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Forums / Treatments, health professionals and therapies / Therapy without a clear goal

Topic: Therapy without a clear goal

6 posts, 0 answered
  1. theo-m
    theo-m avatar
    7 posts
    4 December 2019

    I find therapy challenging as I'm not a big talker and I tend to cut myself off from my feelings as much as I can if I have to be emotionally vulnerable. Earlier this year I had some good sessions with a therapist as I was tiptoeing around a possible mental health crisis (I succeeded!!). After we'd passed the crisis I definitely had issues that I wanted to bring up but I found that:

    1. I could barely think about them, let alone verbalise them

    2. They weren't impairing my day-to-day functioning so talking about them wouldn't solve an immediate problem (so in my mind I didn't consider them necessary to talk about)

    I've been able to write some of it down, both the situations and the way that they make me feel, but I don't know that talking about them would help me? As I said, my functioning is fine, and there's no real goal with talking about them apart from having someone know. Hilariously during my last session with my therapist I tried to talk through these thoughts, however, at the time I could barely think about them so it was all a bit of a wash.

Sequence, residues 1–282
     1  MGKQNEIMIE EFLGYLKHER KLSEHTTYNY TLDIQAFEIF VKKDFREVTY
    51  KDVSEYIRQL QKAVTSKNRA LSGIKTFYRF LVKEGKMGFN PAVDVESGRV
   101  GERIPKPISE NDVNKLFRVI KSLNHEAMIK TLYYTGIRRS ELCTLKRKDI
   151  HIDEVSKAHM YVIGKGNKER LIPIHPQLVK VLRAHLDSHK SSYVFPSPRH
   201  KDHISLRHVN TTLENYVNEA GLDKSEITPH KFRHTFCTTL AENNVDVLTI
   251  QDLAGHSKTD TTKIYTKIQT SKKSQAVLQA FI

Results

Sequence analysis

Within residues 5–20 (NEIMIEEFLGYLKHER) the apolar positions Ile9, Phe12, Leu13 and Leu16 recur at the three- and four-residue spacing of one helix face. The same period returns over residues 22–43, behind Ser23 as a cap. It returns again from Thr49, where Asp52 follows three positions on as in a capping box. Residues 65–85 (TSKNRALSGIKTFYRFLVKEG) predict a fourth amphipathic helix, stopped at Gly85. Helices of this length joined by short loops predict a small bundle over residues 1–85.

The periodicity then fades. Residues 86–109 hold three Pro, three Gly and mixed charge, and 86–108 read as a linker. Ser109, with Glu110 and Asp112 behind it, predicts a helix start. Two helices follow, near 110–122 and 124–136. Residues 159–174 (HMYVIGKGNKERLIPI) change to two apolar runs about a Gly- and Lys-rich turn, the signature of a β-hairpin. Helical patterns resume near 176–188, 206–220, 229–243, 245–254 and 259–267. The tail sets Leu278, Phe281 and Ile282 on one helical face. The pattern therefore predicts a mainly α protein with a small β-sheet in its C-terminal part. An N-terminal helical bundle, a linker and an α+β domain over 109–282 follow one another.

How should I approach bringing up issues that have no goal other than to have someone know about them? Should I even bring up issues that I don't have a goal about? Previously all my therapy has been functioning focussed so I'm kinda lost.

  2. romantic_thi3f
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    romantic_thi3f avatar
    2547 posts
    5 December 2019 in reply to theo-m

    Hi theo-m,

    Thanks for your post; I'm so glad that therapy helped with your mental health crisis and you succeeded! It's always good to hear when therapy now isn't so much based on functioning.

    This is a good question, and probably a little bit vague because the issues could be anything - but I guess the thing that sticks out at me is that you said "wanted to bring up". So that means there's a part of you that felt this was important to bring to therapy, even if it wasn't impairing your day to day functioning as such.

    I think part of therapy can be bringing things to the table and seeing where they land. I know for me sometimes my therapist might challenge me on something, help me problem solve, or see things differently. Sometimes it will help to get things off my chest - and sometimes, being able to talk about things early helps me bop it on the head so that it doesn't get too intense later. Maybe talking about it and tackling it early could be an option?

    Of course this is something that you can talk to your therapist about;- you can say to them that there are things on your mind that don't quite feel important, or that you don't have clear goals at the moment. Letting them in on how you are feeling about therapy itself can be really helpful.